TAIPEI (AP) — Outgoing Honduran President Juan Orlando Hernández started a three-day surprise visit to Taiwan on Friday as the self-ruled island, which is also claimed by China, worries that the next president of the Central American nation may break off relations and switch to diplomatic ties with Beijing.
Hernández and his wife will meet President Tsai Ing-wen as part of a celebration of 80 years of diplomatic relations between Taiwan and Honduras. He will also visit the Central American Bank for Economic Integration office in Taipei, a Honduran development bank.
Hernández’s trip comes just weeks ahead of the presidential election in Honduras. He is due to leave office in January and has become increasingly isolated him as he is facing allegations of ties to drug traffickers from U.S. federal prosecutors in New York. His brother had been arrested in Miami in 2018 by U.S. authorities on suspicion of drug trafficking.
Politically, there’s little to gain in his trip. Hernández will not be able to run for office again, said Antonio C. Hsiang, a professor at La Academia Nacional de Estudios Y Estrategicos, who studies Latin America studies. Instead, Hernández is likely in Taiwan to seek support, financial or otherwise, he said.
Taiwan, meanwhile, is concerned about the election as one of the leading candidates has openly said she is in favor of establishing ties with China, which means Honduras will cease recognizing Taiwan as a country.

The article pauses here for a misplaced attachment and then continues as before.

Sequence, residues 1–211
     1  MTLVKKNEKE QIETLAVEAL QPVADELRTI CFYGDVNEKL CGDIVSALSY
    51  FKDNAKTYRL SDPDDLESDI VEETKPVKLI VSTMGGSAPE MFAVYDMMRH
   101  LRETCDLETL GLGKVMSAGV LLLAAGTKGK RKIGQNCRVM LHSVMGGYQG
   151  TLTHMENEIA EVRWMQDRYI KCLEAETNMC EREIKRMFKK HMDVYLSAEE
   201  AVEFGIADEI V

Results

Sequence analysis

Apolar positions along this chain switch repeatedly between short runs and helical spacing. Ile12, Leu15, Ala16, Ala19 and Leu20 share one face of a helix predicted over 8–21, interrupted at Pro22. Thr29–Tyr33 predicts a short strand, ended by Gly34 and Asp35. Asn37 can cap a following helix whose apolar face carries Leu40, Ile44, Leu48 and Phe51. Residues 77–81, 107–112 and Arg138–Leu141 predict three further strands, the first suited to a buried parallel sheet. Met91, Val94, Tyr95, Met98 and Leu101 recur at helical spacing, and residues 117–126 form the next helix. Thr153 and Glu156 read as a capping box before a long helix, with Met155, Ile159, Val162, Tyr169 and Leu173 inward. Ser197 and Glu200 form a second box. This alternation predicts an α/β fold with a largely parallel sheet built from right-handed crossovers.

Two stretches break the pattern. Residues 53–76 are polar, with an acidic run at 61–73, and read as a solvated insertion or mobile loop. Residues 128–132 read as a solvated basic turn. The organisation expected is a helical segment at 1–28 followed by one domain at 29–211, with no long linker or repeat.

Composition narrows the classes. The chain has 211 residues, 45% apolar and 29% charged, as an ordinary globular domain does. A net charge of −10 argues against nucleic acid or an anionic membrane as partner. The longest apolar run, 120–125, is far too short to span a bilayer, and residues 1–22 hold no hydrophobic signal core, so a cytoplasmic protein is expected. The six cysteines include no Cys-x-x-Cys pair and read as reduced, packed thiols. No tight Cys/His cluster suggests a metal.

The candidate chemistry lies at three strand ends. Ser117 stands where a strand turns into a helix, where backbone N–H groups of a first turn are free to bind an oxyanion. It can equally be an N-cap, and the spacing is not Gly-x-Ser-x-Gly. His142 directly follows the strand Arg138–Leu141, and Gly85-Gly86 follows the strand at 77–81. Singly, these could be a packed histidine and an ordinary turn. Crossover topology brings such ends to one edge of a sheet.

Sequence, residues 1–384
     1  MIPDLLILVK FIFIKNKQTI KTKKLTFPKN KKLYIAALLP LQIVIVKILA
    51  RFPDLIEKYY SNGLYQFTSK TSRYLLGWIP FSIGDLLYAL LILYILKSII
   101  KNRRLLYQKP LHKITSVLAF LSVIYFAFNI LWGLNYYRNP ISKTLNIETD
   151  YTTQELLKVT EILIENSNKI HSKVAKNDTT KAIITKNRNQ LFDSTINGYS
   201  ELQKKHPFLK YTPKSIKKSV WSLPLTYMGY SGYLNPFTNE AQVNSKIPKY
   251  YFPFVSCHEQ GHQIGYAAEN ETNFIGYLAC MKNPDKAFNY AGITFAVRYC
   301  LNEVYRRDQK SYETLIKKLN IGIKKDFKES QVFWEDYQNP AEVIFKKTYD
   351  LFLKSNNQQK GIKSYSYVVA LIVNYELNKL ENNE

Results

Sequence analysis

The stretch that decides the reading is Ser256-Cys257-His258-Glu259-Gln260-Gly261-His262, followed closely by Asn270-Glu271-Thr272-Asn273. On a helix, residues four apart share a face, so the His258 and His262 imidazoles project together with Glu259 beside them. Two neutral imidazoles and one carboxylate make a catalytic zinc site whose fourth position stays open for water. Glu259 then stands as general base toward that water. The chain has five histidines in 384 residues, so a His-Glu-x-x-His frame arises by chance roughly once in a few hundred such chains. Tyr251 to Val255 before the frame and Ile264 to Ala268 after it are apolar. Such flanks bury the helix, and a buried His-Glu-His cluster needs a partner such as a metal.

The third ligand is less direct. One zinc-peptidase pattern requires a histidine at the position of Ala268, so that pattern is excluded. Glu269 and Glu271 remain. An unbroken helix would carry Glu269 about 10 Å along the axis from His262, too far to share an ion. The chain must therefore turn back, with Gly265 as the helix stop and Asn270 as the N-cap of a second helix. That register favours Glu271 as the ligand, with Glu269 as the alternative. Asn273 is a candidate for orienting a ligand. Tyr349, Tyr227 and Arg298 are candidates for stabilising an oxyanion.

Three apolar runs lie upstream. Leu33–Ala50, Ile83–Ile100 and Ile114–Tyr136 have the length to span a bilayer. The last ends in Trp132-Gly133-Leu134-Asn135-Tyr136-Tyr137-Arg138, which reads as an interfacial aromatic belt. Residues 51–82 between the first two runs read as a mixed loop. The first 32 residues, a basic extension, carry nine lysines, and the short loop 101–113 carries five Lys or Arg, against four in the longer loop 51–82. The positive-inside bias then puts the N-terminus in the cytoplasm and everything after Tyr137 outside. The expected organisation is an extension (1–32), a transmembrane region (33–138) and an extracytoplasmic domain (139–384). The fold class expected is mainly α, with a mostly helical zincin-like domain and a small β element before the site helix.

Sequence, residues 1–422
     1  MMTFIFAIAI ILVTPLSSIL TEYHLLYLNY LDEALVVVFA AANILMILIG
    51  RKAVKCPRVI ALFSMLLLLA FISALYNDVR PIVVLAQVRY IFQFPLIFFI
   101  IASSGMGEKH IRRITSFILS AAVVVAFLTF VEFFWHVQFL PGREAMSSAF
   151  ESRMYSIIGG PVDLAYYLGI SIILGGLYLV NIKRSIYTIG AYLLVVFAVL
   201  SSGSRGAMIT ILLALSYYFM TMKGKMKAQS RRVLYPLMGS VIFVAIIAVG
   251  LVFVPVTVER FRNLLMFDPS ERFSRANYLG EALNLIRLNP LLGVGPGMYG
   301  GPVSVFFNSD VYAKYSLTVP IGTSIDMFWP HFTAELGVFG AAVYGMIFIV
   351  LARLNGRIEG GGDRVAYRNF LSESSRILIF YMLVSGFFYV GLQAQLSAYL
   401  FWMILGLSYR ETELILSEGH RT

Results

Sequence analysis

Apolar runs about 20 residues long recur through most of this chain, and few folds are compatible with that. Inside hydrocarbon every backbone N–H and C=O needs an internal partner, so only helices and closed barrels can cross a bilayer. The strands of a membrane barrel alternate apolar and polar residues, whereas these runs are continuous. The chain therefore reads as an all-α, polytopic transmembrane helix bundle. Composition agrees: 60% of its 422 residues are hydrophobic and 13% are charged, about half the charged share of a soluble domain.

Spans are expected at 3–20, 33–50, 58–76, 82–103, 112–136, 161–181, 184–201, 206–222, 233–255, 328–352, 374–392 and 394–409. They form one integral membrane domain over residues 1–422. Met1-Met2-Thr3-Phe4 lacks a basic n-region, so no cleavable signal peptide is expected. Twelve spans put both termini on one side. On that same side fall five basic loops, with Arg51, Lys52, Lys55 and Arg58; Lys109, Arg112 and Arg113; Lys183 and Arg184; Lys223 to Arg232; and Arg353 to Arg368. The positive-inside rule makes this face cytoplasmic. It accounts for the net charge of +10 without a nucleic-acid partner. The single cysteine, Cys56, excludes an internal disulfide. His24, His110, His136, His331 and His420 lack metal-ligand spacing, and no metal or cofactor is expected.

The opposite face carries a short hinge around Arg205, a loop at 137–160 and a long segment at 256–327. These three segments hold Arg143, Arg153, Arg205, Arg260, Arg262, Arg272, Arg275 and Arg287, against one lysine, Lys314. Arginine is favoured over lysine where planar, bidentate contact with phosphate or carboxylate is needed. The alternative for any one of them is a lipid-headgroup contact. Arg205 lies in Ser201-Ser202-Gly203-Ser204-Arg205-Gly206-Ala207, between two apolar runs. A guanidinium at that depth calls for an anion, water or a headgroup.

Xiomara Castro, the presidential candidate, said in a June 28 post on her Facebook page: “I believe in multipolarity and because of that I propose opening international relations with continental China, which would help the country incorporate into the market with the market of the world’s greatest growth.”
China has been on a campaign to poach Taiwan’s allies, of which only 15 remain. China has been using diplomatic and economic methods to persuade countries to switch their diplomatic recognition from Taiwan to China.
China says Taiwan is not a country and is merely another province, to be reunified by force if necessary. Taiwan says it has essentially been functioning independently as a country since the two sides split after a civil war in 1949.
Associated Press writer Marlon González in Tegucigalpa, Honduras contributed to this report.